Following Directions Can Be Fun!

The last–or first–few days of the semester can be times when you slow down a bit, and try things that will be both fun and productive.  (I know, I think everything I do is fun, but who knows, right? see hee)

A teammate shared an idea for a snowman picture to do for “fun,” and I decided that since everyone else was probably doing it I should take a look; even though I don’t typically jump on board just because everyone else is doing it.  The big idea was that you lead kiddos in a drawing lesson to show them how to draw the snowman, and then also give directions for how they are to paint it–but they have choice in the colors they use and the patterns they add.

I agree, it was cute.  And yes, it’s winter themed, and yes, it would look great hanging in the hallway.  But I still had to ask the question about “why?”  Why wouldn’t I just let them draw their own snowman?  Why couldn’t we just paint whatever we want? Why wouldn’t I do any entirely different activity during that time? (I know, my teammates love it when I ask questions. LOL  At least they understand that’s how I process and always assume positive intent in my inquiries. 🙂 )

Because I work with amazing people, they simply answered my questions.  Well, you could let them just make their own snowman.  You could absolutely paint whatever you want.  And of course, you could do something entirely different during that time, but we’re doing it because it’s good practice in following directions (which of course my kids could benefit from, too!), and also there is lots of choice within the directions.  It is cool to see how differently kiddos can interpret the directions and how even when we do the same kind of thing, they all turn out looking completely unique!

Ok, that was what I needed. We were in. 🙂

And just as I thought, kiddos did a SUPER job of following the directions, even though some of them were tricky, and kiddos had to try again or erase some lines as they drew.  I didn’t have anyone who quit, or cry or tear up their paper (yeah, sometimes in first grade that still happens…), but instead everyone worked really hard to do their best and were ok when things went differently than they’d hoped. 🙂

And yes–it was fun!

As I drew my snowman on my big paper up on the board, kiddos followed along with their paper and their pencils.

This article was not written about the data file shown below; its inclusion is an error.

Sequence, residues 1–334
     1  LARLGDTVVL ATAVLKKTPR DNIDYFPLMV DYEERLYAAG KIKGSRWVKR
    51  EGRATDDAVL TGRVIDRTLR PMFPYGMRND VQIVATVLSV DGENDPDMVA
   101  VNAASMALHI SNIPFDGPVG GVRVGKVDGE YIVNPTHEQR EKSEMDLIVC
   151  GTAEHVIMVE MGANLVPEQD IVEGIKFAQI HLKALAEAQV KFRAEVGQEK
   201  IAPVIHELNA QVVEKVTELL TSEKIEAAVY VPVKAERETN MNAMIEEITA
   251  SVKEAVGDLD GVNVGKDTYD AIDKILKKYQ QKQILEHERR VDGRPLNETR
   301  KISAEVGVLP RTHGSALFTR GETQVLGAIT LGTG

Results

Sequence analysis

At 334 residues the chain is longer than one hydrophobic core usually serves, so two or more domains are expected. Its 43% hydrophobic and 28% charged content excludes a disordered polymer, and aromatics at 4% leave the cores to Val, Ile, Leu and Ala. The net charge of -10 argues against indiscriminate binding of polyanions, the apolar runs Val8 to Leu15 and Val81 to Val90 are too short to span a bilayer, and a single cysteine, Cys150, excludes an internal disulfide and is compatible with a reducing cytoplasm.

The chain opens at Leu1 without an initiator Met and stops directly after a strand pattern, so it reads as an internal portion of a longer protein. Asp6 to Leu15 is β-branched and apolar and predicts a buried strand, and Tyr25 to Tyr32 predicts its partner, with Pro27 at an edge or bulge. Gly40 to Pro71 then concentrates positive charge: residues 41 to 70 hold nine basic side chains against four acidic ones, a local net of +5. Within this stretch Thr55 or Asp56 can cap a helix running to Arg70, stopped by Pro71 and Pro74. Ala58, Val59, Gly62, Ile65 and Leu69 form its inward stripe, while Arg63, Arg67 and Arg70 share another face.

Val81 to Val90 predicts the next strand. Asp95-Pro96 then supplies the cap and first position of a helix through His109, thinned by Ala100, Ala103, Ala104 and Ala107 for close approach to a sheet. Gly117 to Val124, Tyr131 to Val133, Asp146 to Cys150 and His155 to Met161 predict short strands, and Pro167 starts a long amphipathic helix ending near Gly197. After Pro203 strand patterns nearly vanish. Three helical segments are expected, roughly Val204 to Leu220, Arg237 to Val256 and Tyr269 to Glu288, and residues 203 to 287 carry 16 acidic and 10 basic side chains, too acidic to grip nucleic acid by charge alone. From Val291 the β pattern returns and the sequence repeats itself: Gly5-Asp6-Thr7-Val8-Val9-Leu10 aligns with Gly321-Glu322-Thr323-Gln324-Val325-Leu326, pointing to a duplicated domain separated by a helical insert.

The “plain” version ended up looking something like this:

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And then, artists were invited to paint their snowmen, using whatever colors and patterns they wanted.  Really the only guidelines here were that the snowman should be left white, and the background had to be painted with a bright color.  Otherwise, it was up to them.

And you know what?  All of our snowmen we drew with the same directions looked so completely unique and different and BEAUTIFUL!  Kids were so proud and I’m so glad we did it. 🙂

Check out our final snow-people! 🙂

And of course I need to say thanks to Proud to Be Primary for the idea, and also for the post (that I still need to read) that gives reasons why I should do more of these directed drawings.  I’m excited to read!

Working on Working Together

This week we had a class meeting and identified some tricky parts our class was having.  I HATE to admit that the list was really long.  Like 4 post-it notes long.  Big post-it notes. 😦

Well, because we have growth mindsets at our school (and in our room!), and because our tricky parts are things we can TOTALLY fix, we started spending some specific time on Friday working on figuring out what to do.

First we took all of our trouble spots and put them into categories.  We quickly realized we had many things that were similar and fit into four categories.  Then we saw that in some way these were all related to not following directions. (And I feel like I must say, when I first saw our list I had a bit of trouble with it because it felt a little like our classroom was always in chaos.  I promise these things happen in bits and pieces, not all at once, all the time.  And honestly, some of them are just what happens when you put lots of 6YOs together in a classroom.  But they are indeed things we need to work on, and for which we can find a solution!)

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As we continued through the day (and we will continue on Monday–well and probably beyond that, too!) with the focus on both following directions as well as thinking of others.  This second focus came because we had had a heart-to-heart about how so many of us of just thinking of ourselves, and so that’s why we’re not following directions in the first place.  For example, we are interrupting because we think our ideas are more important than our friends’, we’re leaving messes because we don’t care about our room and our friends, we are making noises during learning times because we are thinking more about ourselves (and what we want to do) than about our friends and their learning environment.  You get the idea.

We added that last bubble after we had had a chance to check out a couple of Class Dojo videos to get our minds thinking about how we might fix up our troubles.  We even tagged the day “Fix-it-Up Friday.”  Here’s one about making mistakes: